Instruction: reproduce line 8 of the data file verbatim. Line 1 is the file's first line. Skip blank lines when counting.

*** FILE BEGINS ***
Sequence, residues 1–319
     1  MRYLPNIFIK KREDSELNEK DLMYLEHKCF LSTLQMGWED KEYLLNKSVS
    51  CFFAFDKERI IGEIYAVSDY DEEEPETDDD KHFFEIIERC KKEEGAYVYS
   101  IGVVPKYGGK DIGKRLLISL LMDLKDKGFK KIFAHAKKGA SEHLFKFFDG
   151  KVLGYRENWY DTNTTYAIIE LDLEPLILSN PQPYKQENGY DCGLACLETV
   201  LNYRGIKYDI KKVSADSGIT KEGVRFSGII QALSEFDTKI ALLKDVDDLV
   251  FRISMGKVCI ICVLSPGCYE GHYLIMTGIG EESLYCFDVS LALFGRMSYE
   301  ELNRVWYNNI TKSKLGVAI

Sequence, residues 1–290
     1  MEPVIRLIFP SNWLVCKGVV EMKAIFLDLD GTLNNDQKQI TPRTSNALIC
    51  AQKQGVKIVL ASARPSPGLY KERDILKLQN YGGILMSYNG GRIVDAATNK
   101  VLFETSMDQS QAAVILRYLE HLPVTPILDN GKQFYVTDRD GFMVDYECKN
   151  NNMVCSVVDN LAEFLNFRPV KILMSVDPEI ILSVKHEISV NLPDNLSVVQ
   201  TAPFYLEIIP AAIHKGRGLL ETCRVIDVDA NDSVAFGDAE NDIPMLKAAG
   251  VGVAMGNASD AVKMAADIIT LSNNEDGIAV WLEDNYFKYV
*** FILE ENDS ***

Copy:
   301  ELNRVWYNNI TKSKLGVAI